There was almost a sense of inevitability to it. Lionel Messi had to win the football World Cup.
Like Sachin Tendulkar had to win the cricket World Cup. Like Roger Federer had to win the Wimbledon. Like Tiger Woods had to win the Masters. Like Usain Bolt had to win the Olympic 100m gold.
When you are the best, you deserve the best. Messi has been the world’s best footballer of his generation, by some margin. After leading Argentina to its first World Cup in 36 years, he could even stake a claim to being the best ever. Not that he would care.
What he cared about was winning the World Cup. We saw how much it meant to him when he stole that kiss at the Cup before it was presented to Argentina.
The kiss and the happy smile on his face showed why the FIFA World Cup is the planet’s greatest show. The Olympic Games may be grander, and the intensity of a gripping cricket Test may be unparalleled, but there is nothing quite like the football World Cup.
Little wonder the entire world turns its attention to this incredible tournament once every four years. You just wouldn’t want to miss a game at a World Cup. Come to think of it, even the pandemic spared it. But the controversies did not.
There have been debates about bribery allegations (to get the rights as the host), human rights, equal rights, homophobia, the ban on alcohol... but nobody would argue about the quality of football witnessed in Qatar.
It was a World Cup of surprises. Nothing spices up a tournament like a stunning result (Saudi Arabia 2 Argentina 1; Japan 2 Spain 1; Morocco 2 Belgium 0; Morocco 1 Portugal 0... take your pick).
Living up to expectations
But it was also a World Cup that lived up to expectations in many ways. Mbappe was tipped to be one of the stars. He certainly was. It was just his misfortune that he was pitted – in the game that mattered most – against possibly the biggest star of all the World Cups.
For all those goals of Mbappe, the golden boot, and that hat-trick in the final, which single-handedly allowed France to breathe and hope, the Qatar World Cup will always be known as Messi’s World Cup. Nobody would grudge him that. Has anybody entertained the world for so long and so enchantingly the way he has?
Perhaps not since India won the cricket World Cup in 2011 at home have so many people wanted one team to triumph – primarily for one man – in a major international tournament. Tendulkar had achieved just about everything with a cricket bat. He was even praised by Sir Don Bradman. But, he hadn’t won the World Cup. It was his last chance.
And India won, beating Sri Lanka in the final, that too on Tendulkar’s home ground in Mumbai, to regain the World Cup after a gap of 28 years. The great man himself made only 18, but he was the tournament’s second highest-scorer and had two hundreds.
After the final, one got the first glimpse of Virat Kohli’s commendable communication skills. “He has carried the burden of the nation for 21 years, it was time we carried him,” he said of the Indian players carrying Tendulkar on their shoulders during the victory lap.
Messi’s burden has been no less. Argentina’s population may be less than four per cent of India’s, but football is a far more global sport than cricket. And Messi has fans all over the world. In our time, only the other Argentine great, Diego Maradona, has perhaps been loved as much.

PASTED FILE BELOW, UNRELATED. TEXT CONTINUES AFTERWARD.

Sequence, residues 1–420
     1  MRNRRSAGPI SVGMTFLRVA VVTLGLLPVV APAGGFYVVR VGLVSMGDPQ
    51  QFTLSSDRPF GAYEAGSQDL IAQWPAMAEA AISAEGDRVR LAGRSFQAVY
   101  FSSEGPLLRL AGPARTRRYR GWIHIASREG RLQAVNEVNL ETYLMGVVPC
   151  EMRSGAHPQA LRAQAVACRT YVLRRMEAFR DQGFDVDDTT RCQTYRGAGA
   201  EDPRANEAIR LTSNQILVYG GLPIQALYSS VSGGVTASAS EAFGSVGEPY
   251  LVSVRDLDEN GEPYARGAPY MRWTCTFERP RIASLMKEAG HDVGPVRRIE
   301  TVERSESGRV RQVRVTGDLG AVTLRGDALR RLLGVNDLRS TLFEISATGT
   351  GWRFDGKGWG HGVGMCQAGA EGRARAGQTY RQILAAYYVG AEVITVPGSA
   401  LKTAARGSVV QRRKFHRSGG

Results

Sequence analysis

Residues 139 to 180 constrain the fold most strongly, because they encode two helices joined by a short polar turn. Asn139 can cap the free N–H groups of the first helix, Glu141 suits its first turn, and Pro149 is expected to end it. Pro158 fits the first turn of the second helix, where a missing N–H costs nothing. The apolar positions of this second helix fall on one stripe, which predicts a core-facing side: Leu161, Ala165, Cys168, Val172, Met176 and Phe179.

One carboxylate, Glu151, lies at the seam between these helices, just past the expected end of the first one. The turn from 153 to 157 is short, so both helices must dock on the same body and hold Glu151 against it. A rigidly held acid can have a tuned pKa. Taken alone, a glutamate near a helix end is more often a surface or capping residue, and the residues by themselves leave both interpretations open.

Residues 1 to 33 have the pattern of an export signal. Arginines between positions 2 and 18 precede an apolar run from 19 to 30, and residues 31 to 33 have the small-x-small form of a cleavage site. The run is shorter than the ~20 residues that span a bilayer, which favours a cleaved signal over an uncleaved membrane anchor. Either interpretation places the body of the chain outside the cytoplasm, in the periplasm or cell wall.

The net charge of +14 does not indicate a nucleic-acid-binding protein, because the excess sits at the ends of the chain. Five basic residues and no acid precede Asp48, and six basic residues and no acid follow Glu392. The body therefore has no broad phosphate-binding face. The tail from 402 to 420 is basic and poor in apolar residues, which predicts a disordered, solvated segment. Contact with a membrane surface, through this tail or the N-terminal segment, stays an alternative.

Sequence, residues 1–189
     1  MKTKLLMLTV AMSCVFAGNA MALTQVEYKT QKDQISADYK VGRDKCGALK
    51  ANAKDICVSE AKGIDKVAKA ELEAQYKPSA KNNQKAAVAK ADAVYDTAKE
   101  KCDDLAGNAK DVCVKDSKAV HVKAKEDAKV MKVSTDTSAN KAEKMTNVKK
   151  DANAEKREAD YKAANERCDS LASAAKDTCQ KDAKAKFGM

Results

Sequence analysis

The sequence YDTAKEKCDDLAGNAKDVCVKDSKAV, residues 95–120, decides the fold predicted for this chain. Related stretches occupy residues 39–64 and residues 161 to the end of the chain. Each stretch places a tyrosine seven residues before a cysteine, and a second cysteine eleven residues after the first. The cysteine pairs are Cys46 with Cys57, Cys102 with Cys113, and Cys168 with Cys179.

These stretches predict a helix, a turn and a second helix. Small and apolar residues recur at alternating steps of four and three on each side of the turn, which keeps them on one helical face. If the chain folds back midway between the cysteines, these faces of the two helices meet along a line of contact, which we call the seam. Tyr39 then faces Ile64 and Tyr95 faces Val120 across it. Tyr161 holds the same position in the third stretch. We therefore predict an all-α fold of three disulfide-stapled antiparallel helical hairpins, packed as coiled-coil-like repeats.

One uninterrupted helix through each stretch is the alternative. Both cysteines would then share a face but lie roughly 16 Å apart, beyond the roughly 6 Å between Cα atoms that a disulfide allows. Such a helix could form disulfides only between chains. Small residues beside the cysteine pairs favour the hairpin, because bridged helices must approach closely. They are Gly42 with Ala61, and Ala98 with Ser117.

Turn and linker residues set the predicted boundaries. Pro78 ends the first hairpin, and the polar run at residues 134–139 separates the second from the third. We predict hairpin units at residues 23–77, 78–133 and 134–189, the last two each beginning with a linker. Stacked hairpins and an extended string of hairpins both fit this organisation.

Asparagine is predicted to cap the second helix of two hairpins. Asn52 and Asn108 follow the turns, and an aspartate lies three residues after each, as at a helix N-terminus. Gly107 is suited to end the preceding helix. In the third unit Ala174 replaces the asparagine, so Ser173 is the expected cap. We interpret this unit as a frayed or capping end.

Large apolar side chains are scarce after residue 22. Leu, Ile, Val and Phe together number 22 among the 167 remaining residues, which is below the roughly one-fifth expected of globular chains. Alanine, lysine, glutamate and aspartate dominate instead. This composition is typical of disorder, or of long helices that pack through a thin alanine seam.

It was, of course, Maradona who last took the World Cup home to Argentina, in 1986. Just as that Argentine team was built around him, the one in Qatar was more about Messi.
Maradona, however, was only 25 when he landed in Mexico for the World Cup as Argentina’s captain. He would go on to play in two more. For Messi, this was the last chance.
He had come very close in 2014. He took Argentina all the way to the final, which was won by Germany through a goal scored by Mario Gotze in extra-time. Messi was named the tournament’s best player.
Messi had all those league titles, the Ballon d’Or awards, the golden shoes and golden balls, Copa America and all those mesmerising goals too, but he didn’t have the cup that mattered most in football. That was why he decided to come back after announcing his retirement from international football in 2016.
It was evident that he took that decision after the disappointment of losing the Copa America final to Chile that year; he had missed a penalty in the shootout. He also hadn’t won any significant tournament with Argentina even at that time (his first Copa America triumph came only last year).
A couple of months after he stunned the world, Messi reversed his decision, much to the relief of Argentina and the rest of the world. But it wasn’t a big surprise, really. You don’t retire at 29.
Two years later, Messi led Argentina at the World Cup in Russia. But he was in for another disappointment as Argentina lost to France 3-4 in the round of 16. Who would have thought that the two teams would produce another high-scoring thriller four years later and that too in the title clash?
The Qatar finale has been described by many as the greatest World Cup final ever. Some, including those who have played at the World Cup, have called it the best football game ever. That may be debatable, but in our living memory, we may struggle to think of another final like the one we were fortunate to watch on December 18.
Messi had to score in the final. He did, twice in fact. He had also scored in Argentina’s 3-0 victory in the semifinal against Croatia. But it was the way he set up the team’s third goal in that game -- for Julian Alvarez -- that showed his genius.
He was proving, for the umpteenth time, that he was no ordinary mortal. It may be safe to say that the world may not see another player like him.